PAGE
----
All of this sifting through possessions and selling my home have gotten me thinking about my identity. Self-identity is a uniquely human trait, a sum of many things that defines who we are. I started off with an obscured identity, one attached to the circumstances of my birth and subsequent adoption. I had another name, another birth certificate. I firmly believe (along with most other adoptees) that this caused a fundamental scar that has, in many ways, defined my identity more than any other factor. In adoption literature, this has been called the “primal wound.” Very often it is one of the first things people learn about me.
Another event that has defined my identity was a fall from a tree when I was seven. I cannot hide that I am deaf in my left ear for long, nor do I try. It has impacted my life on a near daily basis for fifty-five years. One of the top hearing specialists in the country(the son of one of my dad’s neighbors in Tucson) did an informal test one night after we had eaten dinner. He said that even if they could restore some ability to hear in that ear, my brain had forgotten how to hear on that side. Isn’t that amazing, that the brain could forget something so fundamental? Three years ago, when I was fifty-nine, I got a tattoo of the mute symbol inked behind my left ear. This indelible mark is an announcement that my deafness is a permanent fixture of my identity .
I’m a straight, mostly white woman. I have a BA in Anthropology and an MFA in Creative Writing. I’m a mom of one and a daughter. I currently have Lyme disease. I like movies, books, cleaning, cooking, reading and swimming. These are all markers of my identity that I most often want people to know about me. I don’t identify as English or Hispanic or Catholic or Jewish or descended from (blank). Those labels hold no interest for me. My genetic background is too complicated for explanation, and I belong to the atheist tribe, a highly fragmented group.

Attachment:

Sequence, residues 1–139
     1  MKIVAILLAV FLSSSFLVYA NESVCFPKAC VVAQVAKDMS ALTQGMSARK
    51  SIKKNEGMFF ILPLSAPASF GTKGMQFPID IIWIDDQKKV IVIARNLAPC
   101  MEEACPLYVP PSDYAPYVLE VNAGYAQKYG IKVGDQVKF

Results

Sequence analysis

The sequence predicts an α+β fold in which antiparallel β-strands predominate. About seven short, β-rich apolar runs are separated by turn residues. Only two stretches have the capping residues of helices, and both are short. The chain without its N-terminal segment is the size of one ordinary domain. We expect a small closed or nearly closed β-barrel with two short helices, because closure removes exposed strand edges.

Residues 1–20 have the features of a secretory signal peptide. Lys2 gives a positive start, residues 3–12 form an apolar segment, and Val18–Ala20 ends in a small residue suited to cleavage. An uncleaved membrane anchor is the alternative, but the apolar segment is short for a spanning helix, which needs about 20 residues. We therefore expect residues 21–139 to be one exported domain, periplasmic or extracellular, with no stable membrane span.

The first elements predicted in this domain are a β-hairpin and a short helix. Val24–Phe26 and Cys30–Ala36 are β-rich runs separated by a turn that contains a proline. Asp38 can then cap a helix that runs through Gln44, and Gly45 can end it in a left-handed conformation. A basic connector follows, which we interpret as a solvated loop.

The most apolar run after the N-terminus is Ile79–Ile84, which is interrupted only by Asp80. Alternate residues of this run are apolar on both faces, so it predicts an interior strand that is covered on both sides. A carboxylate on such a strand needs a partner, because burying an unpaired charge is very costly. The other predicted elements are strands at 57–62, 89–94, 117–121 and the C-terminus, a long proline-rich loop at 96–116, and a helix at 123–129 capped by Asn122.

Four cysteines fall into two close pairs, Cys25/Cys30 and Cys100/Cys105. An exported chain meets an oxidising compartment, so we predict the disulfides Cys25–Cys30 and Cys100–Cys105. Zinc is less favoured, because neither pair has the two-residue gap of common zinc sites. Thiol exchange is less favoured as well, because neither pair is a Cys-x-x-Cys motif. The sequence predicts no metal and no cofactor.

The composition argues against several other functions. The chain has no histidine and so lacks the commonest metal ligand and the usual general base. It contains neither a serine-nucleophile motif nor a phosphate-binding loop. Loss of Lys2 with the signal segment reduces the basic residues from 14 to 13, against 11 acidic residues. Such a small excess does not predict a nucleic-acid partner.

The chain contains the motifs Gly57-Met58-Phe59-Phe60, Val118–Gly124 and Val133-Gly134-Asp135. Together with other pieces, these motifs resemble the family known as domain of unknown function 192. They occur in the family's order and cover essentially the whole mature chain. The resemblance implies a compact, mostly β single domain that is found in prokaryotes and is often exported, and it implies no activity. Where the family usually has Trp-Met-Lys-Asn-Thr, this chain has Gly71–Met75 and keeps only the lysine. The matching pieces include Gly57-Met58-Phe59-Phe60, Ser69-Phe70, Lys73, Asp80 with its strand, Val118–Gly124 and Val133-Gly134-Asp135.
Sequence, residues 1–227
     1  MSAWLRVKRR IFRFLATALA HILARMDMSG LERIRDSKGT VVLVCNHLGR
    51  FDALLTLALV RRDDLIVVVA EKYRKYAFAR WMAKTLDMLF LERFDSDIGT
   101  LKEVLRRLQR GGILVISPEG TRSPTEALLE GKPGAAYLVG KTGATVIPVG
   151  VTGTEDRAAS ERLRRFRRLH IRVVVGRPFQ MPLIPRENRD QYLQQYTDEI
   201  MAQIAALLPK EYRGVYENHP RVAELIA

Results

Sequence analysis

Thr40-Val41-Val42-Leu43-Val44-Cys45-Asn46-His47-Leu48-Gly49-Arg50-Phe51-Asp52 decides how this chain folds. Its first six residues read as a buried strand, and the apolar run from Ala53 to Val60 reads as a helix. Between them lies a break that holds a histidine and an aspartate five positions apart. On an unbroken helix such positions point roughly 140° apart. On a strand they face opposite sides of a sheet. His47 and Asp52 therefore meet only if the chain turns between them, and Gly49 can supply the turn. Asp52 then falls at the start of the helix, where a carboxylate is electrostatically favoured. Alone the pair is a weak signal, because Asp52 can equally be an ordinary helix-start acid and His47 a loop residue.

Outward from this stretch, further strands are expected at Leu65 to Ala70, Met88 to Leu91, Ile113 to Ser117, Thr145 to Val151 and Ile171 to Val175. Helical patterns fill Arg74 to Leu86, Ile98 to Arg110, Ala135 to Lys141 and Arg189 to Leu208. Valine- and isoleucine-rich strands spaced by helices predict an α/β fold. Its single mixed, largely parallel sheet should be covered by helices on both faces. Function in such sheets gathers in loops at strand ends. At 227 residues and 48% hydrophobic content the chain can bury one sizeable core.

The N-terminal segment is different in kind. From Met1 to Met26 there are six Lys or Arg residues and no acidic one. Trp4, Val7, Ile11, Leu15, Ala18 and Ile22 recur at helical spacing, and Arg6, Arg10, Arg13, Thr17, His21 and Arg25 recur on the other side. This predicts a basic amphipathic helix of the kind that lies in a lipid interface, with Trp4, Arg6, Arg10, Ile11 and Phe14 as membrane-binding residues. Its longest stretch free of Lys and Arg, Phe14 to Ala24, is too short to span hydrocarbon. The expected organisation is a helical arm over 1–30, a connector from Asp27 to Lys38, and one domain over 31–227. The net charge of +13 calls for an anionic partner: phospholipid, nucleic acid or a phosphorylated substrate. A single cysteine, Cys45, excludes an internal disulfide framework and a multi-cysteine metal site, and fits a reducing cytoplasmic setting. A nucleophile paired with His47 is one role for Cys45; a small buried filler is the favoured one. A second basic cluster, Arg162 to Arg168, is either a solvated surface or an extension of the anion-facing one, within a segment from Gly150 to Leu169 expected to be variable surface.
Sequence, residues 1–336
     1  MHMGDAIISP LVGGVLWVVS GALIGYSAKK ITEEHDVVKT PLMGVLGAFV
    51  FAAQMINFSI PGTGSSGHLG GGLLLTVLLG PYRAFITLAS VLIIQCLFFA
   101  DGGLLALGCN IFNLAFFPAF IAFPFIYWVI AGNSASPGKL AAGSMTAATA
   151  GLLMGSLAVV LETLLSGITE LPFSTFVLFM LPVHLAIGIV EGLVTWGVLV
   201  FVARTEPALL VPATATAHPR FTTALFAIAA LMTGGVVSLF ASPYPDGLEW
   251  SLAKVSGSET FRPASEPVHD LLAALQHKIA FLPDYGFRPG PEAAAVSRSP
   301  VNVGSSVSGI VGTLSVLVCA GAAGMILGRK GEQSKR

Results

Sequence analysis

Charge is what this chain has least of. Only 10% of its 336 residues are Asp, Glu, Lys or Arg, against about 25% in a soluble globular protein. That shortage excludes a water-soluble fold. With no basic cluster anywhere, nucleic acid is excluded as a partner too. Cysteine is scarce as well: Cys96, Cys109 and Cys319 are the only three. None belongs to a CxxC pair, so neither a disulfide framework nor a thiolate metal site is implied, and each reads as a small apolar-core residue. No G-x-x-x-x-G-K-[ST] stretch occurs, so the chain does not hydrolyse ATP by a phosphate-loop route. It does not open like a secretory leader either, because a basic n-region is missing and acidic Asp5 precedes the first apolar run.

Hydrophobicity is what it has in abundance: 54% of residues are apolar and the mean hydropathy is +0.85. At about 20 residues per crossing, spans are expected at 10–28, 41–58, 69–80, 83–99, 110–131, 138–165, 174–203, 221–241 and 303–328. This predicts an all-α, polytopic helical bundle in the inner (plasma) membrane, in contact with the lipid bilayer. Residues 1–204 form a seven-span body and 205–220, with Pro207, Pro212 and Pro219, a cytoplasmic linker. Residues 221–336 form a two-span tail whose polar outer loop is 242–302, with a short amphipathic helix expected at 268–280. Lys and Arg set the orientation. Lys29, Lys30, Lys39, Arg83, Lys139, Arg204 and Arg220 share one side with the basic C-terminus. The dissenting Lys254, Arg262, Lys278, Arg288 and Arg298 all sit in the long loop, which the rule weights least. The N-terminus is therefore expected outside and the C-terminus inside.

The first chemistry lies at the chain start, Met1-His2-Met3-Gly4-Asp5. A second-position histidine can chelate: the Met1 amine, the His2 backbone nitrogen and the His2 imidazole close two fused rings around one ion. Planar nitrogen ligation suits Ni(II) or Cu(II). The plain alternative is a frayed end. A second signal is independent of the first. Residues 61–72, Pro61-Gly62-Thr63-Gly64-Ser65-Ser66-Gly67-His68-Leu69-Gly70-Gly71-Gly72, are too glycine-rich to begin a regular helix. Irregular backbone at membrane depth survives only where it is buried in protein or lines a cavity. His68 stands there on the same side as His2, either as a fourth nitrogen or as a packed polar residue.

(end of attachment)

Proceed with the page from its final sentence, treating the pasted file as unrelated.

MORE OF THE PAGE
It’s also not by accident that no possessions or places are on this list. Both of those things are complicated. I’m from a lot of places but not really. I was born in Texas spent 39 years there. I’ve lived in Louisiana, North Carolina, and now Colorado. I’ve always had possessions, and like many of you, have collected more and more of them as time goes on. I’ve gotten a lot of pleasure out of most of them (not cars, though. I am not interested in cars at all except as a means from point A to B). I can tell you when I bought this or that, and I take care of them. But what does where I am from and what I own say about me? I am a Texan by default. My relationship with Texas is complicated and I don’t consider myself to be a Texan. Many of my possessions were acquired during my 29-year marriage, a time that doesn’t please me to be reminded of anymore.
The truth is, neither of these things are that important to me. However, there is a slightly larger than small place inside of me that cares about my identity as defined by possessions and places. In America, besides what you do, where you are from and what you have managed to acquire are two of the most basic facts people use to show their self-identity and their ability to be firmly rooted in life. Most of us have proud pictures of ourselves or someone in our families in front of their houses. Sometimes the people are standing next to their new cars. People proclaim “I’m a New Yorker,” or “Atlanta born and raised,” as if this makes them a member of a tribe. To not have things, or belong somewhere, is to be pitied, as if you have not done what is expected. And so I doubt my intuition that tells me that now is my time to shed both and go forth into the world.
Another part of me, that nagging voice of insecurity, says that the time to reinvent has long passed me by. That I’m too old, or that I should be content with what I have and where I am. My intuition says loudly and insistently to fuck that noise.
I hate the adage “age is nothing but a number.” It is misused, trotted out as a paragon to healthy living and/or a firm denial of the reality of aging. The reality is that we do age in spite of our best efforts. No one truly knows how long they are going to be able to do all of the things they’d like to do. At our last meeting, my dad’s financial advisor had to ask me “what the life expectancy is for people with chronic Lyme disease.” I don’t know, nor does anybody else seem to know. The CDC sticks with its’ assertion that even with “post-Lyme disease syndrome” one can expect to be fully well in less than a year. They are full of shit. But they’re not studying outcomes, either.
I want adventure before I’m forced to shrink my world due to the vagaries of aging. The truth is I can’t manage the energy to have it all anymore, especially with the ever-present specter of relapses. I’m not even sure I want it all. My hope is that this great purge clears the way for a larger life with less things and a clear sense of who I am.